As of the first of May, 2014, the Supreme Court has not decided whether to take the case or not. Count Sterling as one who hopes the Supreme Court decides not to take his case. In November, 2013, Edward MacMahon, Sterling’s attorney filed a brief with the Supreme Court asking the court not to stay his trial any longer. Sterling has maintained his innocence from the start and wants the chance to go to trial. He’s been waiting long enough.

“It is apparent that I am an afterthought in this entire case, there really has been no focus on me, other than being the de facto defendant,” Sterling said. “The longer this case goes, the more I, as a person become irrelevant.”

The media see the case as a battle between the press and government overreach in hunting down whistleblowers. The government wants to shut down whistleblowers within its ranks and considers the press as part of the problem. Sterling wants a trial.

“This case has turned into more of a battle between the government and the press with me as a pariah for both sides,” he said. “I just happen to be the conduit, or a means to an end, particularly for the government.

“So, the impact on me continues to be that my life is forfeit while the government and press have their battle.”

The press have paid little or no attention to Sterling the man, often getting the facts of the case wrong as stories rush to the Risen angle. They pay little attention to Sterling’s decade long fight against the government that started with the first racial discrimination case filed against the Central Intelligence Agency, the loss of his job and the eventual ruination of his career.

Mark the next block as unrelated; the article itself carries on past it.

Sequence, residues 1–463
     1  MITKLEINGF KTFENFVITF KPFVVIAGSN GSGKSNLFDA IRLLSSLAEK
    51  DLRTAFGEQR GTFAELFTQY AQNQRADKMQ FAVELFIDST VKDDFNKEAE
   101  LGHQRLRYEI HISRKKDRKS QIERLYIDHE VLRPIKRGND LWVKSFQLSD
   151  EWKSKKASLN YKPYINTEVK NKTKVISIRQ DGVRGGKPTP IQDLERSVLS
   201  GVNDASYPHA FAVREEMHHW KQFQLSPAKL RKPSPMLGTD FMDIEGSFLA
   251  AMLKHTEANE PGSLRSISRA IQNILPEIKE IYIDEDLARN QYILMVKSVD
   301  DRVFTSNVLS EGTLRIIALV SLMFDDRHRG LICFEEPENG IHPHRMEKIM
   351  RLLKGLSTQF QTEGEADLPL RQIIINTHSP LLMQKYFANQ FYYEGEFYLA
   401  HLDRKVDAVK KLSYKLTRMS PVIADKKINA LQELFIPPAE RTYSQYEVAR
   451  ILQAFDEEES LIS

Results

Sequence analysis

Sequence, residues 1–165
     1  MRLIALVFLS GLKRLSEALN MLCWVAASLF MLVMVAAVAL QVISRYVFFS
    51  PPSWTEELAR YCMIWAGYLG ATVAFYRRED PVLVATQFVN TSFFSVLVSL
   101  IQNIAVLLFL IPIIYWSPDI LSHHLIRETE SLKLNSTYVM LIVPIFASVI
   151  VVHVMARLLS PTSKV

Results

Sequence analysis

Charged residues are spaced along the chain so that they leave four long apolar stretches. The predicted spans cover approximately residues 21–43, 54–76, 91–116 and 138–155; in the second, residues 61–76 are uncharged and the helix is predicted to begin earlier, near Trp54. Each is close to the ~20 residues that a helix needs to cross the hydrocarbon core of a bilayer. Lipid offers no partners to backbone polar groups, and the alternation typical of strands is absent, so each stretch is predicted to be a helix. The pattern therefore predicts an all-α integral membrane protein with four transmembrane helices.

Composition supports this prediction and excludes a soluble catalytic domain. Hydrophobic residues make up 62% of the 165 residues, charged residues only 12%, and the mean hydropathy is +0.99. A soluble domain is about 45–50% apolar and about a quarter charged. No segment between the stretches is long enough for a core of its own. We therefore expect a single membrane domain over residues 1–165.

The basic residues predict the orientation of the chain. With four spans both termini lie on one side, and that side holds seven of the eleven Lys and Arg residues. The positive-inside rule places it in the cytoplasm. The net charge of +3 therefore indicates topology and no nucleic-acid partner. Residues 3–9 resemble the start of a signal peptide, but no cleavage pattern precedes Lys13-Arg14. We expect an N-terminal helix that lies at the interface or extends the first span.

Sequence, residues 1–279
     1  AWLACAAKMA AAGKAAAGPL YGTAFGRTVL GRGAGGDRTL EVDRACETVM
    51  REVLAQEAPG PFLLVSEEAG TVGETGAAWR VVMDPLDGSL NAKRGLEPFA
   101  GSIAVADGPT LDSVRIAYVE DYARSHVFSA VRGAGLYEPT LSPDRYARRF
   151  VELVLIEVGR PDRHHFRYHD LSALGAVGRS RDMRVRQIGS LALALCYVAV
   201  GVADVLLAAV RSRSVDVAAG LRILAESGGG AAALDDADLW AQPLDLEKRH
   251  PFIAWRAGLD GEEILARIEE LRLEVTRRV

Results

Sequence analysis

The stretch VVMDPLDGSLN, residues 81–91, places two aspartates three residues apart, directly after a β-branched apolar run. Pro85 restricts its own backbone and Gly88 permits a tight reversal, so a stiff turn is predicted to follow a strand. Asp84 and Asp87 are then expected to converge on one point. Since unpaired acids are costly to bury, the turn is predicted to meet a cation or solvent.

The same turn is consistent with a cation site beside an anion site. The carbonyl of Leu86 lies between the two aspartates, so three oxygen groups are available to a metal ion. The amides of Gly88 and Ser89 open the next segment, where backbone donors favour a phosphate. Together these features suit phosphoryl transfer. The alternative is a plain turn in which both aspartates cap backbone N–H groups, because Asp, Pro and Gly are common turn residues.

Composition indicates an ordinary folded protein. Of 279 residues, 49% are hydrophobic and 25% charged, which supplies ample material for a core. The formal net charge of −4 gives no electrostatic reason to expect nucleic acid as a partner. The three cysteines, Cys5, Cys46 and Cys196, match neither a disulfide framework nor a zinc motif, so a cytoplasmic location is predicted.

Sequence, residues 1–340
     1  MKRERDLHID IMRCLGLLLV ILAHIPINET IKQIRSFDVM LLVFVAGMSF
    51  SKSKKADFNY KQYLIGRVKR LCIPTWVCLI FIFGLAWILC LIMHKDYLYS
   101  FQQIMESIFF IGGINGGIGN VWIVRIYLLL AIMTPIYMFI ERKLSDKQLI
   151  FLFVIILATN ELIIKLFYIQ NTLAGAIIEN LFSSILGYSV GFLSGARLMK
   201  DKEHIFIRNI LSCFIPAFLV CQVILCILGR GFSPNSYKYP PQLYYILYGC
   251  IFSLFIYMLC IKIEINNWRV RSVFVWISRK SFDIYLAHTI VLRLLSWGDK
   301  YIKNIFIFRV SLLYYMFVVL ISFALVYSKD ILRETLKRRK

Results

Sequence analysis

A 2013 story by students from Millikin documented Sterling’s tribulations from 2001 to now. Little has changed for the man who once asked his boss at the CIA “When did you realize I was black.”

In the last year, Sterling queried Washington University about returning to school to earn an advanced law degree in the field of right of publicity. The school, after talking with him for a day, declined.

Early in 2014, Sterling thought he’d finally found a job.

“I had applied for a job with a government contractor by the name of Serco who was slated to administer applications for the Affordable Care Act,” Sterling said. “During a group interview session, I was offered, and accepted the job.

“I attended the first day of orientation, received my employee number, had a picture taken for my ID and even signed up for benefits.”

Sterling thought he’d caught a break. It didn’t last long.

“I was escorted out the next day,” he said. “I was told that I did not pass the background check.  I made no arguments other than stating that I had been convicted of nothing.”

It didn’t matter. Sterling’s name pops up on a background check and jobs go away. He can’t find work and he can’t sell his name on the lecture circuit because he doesn’t know how the story ends. So he waits. And every day he checks to see if the Supreme Court decides to hear Risen’s case. If it does, media and government will finally have a chance to clear up the Branzburg v. Hayes ruling of 1972. And Sterling will continue to wait, the afterthought. Once the trial finally starts, will media finally pay attention to Sterling?

“Given the focus to this point, once Risen’s involvement is over, the media will have no real interest in me or the case,” Sterling said.